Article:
Boating season got off to a worrying start in May when zebra mussels were discovered on a boat at Sylvan Lake Sunbreaker’s Cove.
Though it appears that is as close as Central Alberta came to seeing the unwanted invasive species introduced into area lakes.
Alberta Environment and Parks spokesperson Charity Wallace said zebra or quagga mussels — a similar threat— were found on 10 boats so far this season. But all were caught at four border crossings into the province where mandatory inspections have been in place.
“In Central Alberta, specifically, it’s just been the one find,” said Wallace. “We’ve been catching them before they get any further in.”
Roving inspection teams have been holding regular information sessions and checks at provincial boat launches all summer and have not found any problems. Roving crews have been targeting Sylvan, Gull, Buffalo, Buck, Pine and Pigeon Lakes.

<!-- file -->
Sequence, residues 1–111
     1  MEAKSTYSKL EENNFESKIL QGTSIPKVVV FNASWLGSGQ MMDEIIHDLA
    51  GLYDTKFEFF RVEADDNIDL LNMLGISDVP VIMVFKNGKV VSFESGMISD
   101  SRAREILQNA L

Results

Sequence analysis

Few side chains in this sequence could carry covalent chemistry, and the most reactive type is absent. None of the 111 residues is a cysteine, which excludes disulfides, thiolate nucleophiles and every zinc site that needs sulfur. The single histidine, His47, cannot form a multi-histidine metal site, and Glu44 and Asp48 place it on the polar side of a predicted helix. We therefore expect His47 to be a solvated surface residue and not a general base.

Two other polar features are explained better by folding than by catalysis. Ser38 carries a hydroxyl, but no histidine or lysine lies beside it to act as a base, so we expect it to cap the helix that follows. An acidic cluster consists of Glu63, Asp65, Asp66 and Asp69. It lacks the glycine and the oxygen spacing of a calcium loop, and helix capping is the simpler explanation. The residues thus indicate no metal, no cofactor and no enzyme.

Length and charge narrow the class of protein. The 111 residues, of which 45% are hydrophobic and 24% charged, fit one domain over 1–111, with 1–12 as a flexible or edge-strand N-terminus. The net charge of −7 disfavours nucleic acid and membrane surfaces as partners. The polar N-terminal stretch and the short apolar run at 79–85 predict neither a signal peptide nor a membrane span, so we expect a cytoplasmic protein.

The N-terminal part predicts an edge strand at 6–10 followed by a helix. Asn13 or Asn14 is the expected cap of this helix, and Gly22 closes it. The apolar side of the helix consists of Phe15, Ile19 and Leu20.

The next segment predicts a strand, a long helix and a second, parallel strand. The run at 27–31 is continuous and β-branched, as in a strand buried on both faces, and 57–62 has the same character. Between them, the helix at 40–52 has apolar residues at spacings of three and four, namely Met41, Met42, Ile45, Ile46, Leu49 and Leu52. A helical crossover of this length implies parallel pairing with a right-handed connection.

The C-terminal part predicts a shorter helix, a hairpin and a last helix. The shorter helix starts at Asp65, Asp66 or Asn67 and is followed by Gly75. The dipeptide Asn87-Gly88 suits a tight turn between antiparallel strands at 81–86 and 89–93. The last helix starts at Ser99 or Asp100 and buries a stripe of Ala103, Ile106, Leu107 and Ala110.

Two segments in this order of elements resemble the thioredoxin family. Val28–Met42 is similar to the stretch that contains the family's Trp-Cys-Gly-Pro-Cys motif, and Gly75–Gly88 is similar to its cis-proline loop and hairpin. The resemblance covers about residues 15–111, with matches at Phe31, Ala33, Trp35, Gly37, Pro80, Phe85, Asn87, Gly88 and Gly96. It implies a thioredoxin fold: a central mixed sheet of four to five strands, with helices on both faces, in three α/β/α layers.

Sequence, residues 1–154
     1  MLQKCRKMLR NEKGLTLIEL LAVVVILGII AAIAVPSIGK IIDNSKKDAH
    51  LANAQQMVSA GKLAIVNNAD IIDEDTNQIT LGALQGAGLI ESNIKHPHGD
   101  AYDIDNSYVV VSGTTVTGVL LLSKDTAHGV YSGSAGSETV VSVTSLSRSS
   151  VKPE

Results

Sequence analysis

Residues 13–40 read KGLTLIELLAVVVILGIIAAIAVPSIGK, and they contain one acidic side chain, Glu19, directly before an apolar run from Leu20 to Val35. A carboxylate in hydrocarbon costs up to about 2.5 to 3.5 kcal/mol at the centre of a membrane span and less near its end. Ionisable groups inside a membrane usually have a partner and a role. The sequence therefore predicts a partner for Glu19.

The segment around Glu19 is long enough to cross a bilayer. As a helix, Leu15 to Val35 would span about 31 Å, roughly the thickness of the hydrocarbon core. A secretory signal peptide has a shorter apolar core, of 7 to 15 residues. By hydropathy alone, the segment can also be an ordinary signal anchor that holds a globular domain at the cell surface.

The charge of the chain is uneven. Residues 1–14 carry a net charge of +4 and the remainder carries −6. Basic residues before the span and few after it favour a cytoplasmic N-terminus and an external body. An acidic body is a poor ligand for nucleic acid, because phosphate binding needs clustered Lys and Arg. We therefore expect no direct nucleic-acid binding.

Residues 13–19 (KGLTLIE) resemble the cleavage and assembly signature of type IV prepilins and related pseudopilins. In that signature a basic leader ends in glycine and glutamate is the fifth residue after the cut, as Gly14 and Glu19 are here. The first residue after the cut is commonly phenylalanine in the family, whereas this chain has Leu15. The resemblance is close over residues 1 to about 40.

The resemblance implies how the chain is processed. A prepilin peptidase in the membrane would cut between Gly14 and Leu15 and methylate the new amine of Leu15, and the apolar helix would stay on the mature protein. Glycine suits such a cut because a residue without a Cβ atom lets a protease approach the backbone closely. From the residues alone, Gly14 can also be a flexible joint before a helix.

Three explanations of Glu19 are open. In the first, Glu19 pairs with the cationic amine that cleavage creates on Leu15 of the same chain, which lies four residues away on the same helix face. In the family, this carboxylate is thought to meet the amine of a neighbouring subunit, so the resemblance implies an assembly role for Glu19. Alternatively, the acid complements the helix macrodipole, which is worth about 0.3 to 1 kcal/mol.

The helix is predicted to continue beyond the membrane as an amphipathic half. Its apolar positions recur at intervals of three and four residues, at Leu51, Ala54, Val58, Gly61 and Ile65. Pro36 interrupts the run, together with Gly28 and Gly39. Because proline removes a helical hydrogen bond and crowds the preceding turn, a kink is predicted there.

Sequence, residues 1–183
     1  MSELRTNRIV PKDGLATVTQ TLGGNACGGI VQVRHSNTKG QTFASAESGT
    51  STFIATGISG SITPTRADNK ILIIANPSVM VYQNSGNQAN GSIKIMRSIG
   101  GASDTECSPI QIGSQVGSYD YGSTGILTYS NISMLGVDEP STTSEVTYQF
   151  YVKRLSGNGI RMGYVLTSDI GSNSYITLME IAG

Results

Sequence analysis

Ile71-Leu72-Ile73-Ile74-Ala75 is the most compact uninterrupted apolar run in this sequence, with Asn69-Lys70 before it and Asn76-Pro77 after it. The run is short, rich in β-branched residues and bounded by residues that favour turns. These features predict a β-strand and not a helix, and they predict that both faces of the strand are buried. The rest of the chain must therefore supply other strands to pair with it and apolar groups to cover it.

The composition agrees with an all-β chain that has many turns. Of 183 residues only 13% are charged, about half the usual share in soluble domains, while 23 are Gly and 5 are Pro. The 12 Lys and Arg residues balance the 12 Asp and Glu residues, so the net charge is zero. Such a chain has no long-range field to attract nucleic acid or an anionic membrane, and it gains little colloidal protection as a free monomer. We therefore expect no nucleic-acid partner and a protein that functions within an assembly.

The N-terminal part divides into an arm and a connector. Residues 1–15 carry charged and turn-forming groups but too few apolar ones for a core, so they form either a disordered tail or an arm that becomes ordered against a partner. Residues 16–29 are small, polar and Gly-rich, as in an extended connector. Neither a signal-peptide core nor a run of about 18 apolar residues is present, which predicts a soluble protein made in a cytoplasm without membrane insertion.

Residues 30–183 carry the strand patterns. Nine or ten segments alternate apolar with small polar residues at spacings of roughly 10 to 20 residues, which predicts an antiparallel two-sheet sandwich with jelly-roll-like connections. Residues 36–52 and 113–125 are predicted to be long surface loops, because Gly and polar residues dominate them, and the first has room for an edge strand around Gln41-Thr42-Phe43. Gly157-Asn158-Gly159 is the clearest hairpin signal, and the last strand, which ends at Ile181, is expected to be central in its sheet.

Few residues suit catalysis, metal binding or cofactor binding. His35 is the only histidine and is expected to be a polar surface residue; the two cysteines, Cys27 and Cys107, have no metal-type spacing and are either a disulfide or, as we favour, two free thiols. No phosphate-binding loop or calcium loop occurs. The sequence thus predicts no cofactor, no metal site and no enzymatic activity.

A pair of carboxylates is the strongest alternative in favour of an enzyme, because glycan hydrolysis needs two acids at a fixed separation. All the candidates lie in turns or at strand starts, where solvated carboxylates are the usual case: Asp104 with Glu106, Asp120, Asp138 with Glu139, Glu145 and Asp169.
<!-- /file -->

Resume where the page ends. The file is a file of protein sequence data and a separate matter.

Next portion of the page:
It’s a reassuring sign that the province’s stepped-up vigilance for invasive species seems to be working.
“Every step we take is a positive step and we haven’t found any in the waters yet.
“There’s always the threat of something coming in. We do the best we can at the inspection stations before they get in close to a lake.”
Besides boat inspections, the Alberta Environmental Monitoring Evaluation and Reporting Agency and Alberta Agriculture have been testing water bodies for mussels and a plant invasive species known as Eurasian watermilfoil.
So far, they have all been coming up clean.
Quagga and zebra mussels move from lake to lake by attaching themselves to boats and other recreational equipment. Quagga mussels found in the Colorado River system in the U.S. are of particular concern because it is a popular destination for Alberta snowbirds. Zebra mussels were discovered in Lake Winnipeg, Manitoba in October 2013. The mussels have been a huge problem in the Great Lakes where they have clogged up water intake pipes and done millions of dollars in damage.